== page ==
NEW ENGLAND — After a celebrated 30-year career, partially devoted to teaching children about the joys of the tropical rainforest, New England Elementary School teacher Judy Johnson is retiring — reluctantly. “I could have retired several years ago, but I just didn’t want to,” the third-grade teacher said with a smile. Johnson became known in New England for decorating her classroom to resemble a rainforest during the last quarter of the year.
Dickinson's Theodore Roosevelt Regional Airport has nearly tripled its number of passengers compared to the same time last year, according to a new North Dakota Aeronautics Commission report. Through April of last year, 5,523 passengers flew to or from Dickinson through April. This year, 15,589 passengers used the airport through April -- an increase of 182 percent.
A Dickinson man with multiple drug arrest warrants issued against him was arrested while hiding out in a area business basement, Dickinson City Police said. Police arrested Richard A. Powell after North Dakota State Highway Patrol officers spotted him in his vehicle near Frankie’s gas station, Dickinson Police Lt. Dave Wallace said. Powell fled on foot to hide in a business’s basement. Police did not immediately release the name of the business.
A 37-year-old man was taken to a medical facility on Wednesday after acting “erratically” while in possession of a gun on U.S. Forest Service land, an official said. The Forest Service and Billings County police responded to a report of a man acting strangely at about 10 a.m. on a federally owned campground north of Amidon, according to the Forest Service. He was taken from the scene and no one was injured. The Forest Service did not disclose the man’s name, exact location of the incident or if he had been charged with a crime.
If what the latest National Climate Assessment concluded turns out to be correct, the Great Plains states could be subjected to more extreme weather during this century and beyond. However, states such as North Dakota can adapt through the use of new technologies, community-driven policies and judicious use of resources, the authors stated. Even North Dakota state climatologist Adnan Akyuz said he believes warmer temperatures will actually benefit area farmers, especially those growing corn.
MEDORA -- The North Dakota Cowboy Hall of Fame has announced 2014 inductees, who represent a variety of disciplines and time spans in the state’s history. Celebrated saddle bronc rider and Dickinson native Wayne Herman leads the list of 10 inductees. “For the Cowboy Hall of Fame, this is the highlight of the year -- inducting people who are outstanding performers and individuals,” executive director Kevin Holten said. “We intend to do right by them.”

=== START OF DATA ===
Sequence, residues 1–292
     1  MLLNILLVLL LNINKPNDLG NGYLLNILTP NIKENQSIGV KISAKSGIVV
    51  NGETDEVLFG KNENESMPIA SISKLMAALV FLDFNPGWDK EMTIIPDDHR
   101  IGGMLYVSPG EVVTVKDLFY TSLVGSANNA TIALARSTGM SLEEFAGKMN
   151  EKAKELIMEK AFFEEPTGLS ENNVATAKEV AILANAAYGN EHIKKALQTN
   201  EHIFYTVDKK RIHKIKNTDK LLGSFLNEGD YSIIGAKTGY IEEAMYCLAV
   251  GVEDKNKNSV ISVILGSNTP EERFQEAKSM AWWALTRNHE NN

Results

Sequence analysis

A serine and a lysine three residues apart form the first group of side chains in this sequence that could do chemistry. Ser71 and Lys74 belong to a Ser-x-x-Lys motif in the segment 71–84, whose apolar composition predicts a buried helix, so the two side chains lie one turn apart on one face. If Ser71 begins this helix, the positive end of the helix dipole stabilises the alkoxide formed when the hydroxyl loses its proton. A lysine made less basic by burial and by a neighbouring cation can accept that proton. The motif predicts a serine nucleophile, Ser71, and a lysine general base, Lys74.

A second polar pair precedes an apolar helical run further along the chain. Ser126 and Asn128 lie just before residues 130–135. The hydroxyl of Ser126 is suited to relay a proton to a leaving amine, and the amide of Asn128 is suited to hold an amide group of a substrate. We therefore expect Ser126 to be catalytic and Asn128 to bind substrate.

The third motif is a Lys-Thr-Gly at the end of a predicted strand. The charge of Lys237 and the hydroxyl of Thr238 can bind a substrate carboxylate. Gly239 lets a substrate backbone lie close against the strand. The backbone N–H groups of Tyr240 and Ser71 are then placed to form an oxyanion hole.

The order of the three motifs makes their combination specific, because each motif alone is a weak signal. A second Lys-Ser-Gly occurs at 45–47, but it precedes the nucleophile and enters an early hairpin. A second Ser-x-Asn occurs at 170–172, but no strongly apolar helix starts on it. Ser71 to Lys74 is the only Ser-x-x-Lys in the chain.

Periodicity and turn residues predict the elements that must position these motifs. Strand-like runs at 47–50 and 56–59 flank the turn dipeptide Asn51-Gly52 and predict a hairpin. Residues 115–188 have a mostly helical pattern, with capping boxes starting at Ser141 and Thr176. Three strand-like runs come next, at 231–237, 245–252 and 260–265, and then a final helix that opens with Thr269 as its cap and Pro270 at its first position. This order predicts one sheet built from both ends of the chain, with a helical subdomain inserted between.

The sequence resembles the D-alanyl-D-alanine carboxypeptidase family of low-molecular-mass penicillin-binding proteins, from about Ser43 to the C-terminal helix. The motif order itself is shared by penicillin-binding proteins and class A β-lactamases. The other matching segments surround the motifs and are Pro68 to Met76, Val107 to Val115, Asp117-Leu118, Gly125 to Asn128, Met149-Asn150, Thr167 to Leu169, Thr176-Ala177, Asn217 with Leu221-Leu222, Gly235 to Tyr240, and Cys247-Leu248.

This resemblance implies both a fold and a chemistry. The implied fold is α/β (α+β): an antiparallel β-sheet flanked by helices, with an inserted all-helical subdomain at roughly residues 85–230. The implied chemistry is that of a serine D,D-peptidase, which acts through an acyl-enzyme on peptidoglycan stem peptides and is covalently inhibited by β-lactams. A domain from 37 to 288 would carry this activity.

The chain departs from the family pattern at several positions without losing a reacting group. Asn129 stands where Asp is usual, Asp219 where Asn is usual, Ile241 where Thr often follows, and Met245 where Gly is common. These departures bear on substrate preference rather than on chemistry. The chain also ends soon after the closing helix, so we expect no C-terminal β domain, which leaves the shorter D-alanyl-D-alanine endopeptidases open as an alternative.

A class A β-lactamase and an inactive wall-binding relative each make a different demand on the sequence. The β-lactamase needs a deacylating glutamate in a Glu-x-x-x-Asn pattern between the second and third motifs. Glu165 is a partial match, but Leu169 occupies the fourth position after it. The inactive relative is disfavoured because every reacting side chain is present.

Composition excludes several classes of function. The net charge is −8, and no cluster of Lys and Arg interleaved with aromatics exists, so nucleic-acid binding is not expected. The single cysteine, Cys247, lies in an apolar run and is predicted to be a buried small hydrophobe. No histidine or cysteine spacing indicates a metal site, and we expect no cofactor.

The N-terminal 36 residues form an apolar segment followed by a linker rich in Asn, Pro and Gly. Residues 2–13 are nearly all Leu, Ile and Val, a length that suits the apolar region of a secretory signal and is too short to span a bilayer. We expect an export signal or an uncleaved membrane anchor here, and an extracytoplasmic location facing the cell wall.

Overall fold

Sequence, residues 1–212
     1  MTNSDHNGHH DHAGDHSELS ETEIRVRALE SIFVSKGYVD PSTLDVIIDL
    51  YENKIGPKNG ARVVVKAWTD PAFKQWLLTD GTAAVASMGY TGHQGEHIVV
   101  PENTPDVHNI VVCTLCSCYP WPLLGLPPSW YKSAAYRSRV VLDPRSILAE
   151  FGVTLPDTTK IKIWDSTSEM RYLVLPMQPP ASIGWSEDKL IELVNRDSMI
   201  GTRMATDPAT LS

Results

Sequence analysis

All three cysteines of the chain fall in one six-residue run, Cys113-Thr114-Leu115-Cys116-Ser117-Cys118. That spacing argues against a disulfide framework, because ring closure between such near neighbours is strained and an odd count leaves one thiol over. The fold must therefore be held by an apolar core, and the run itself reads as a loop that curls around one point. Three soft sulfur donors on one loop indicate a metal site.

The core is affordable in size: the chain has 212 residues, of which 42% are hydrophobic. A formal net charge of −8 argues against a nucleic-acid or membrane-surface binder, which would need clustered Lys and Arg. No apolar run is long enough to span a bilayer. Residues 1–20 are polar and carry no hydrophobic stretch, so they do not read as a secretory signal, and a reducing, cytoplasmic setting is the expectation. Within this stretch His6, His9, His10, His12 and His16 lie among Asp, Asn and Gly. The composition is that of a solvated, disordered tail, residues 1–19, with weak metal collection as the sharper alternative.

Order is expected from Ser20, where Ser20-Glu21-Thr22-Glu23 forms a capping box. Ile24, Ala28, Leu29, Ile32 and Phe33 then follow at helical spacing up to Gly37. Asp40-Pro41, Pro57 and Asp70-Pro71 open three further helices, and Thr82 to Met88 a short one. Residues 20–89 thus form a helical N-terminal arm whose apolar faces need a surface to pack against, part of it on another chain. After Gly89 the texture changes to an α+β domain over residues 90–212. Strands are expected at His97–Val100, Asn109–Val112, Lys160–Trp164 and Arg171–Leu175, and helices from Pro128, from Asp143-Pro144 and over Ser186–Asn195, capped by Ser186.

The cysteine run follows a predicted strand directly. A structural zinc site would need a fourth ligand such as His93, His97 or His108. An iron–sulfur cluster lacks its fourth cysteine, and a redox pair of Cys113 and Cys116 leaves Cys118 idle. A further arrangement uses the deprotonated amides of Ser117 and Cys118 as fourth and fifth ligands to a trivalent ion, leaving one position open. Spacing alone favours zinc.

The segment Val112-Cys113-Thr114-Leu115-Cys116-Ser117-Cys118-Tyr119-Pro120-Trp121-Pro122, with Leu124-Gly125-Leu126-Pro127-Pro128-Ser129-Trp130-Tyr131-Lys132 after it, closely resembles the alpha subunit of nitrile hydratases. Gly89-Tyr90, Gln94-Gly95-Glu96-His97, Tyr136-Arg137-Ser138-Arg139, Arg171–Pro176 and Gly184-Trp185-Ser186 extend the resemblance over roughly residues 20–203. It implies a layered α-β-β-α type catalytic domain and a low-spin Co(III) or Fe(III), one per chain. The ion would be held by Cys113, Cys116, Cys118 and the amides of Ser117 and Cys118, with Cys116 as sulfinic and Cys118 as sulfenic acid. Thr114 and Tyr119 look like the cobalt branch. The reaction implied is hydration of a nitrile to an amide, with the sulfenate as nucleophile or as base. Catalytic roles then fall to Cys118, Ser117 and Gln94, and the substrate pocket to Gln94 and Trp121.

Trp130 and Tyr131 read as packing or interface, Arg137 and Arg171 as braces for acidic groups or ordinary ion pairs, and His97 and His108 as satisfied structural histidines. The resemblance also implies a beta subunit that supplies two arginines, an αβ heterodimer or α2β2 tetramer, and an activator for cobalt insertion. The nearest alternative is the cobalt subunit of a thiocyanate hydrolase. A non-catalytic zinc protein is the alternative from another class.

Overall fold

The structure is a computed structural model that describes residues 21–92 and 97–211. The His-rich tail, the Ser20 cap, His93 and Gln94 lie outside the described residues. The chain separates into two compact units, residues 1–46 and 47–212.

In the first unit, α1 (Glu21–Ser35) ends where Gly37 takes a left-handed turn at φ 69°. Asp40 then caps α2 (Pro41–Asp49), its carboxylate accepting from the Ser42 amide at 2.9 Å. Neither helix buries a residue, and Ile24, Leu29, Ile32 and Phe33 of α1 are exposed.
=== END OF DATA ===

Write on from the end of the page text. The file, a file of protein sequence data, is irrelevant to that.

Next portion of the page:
REGENT - A debate continues over the building of new elementary and high schools in the Mott-Regent school district, which would entail raising property taxes. On Tuesday, May 20, eligible residents will vote for the district to secure a bond costing no more than $14.5 million and to raise its debt limit to 10 percent — the highest rate allowed by law. For the referendum to win, a 60 percent majority of voters must cast their ballot in favor. Superintendent Myron Schweitzer said he expects a very close vote. Taxes would increase by 77 mills for residential, agricultural and commercial prop
North Dakota State University’s Extension Service celebrated its 100th anniversary on Thursday — commemorating more than a lifetime of education for communities statewide. On May 8, 1914, the Smith-Lever Act was signed, translating land-grant university research into practical applications for communities and farmers across the country. In 2013, Extension faculty and staff members interacted with North Dakotans almost a million times, according to NDSU statistics. In 1922, the federal government budgeted $52,607 for extension services in the state, according to an online report titled “Annu
As temperatures heat up and clouds subside, the season for stargazing — one of the oldest nighttime diversions — is here. Stargazing can connect amateurs to the universe on a deeper level, putting life on this “pale blue dot,” which astronomer Carl Sagan has dubbed Earth, into perspective.
MEDORA — The city of Medora has been approved for a loan that would allow the building of a much-needed $7.9 million wastewater treatment facility, officials said Tuesday. But, the $1.7 million loan comes with a few conditions. The first — the removal of a cap on sales taxes to benefit Medora’s capital improvement fund — was unanimously passed by the city council during a regular meeting. The cap was formerly $600,000, city attorney Sandy Kuntz said. The loan is administered by the Public Finance Authority’s State Revolving Fund.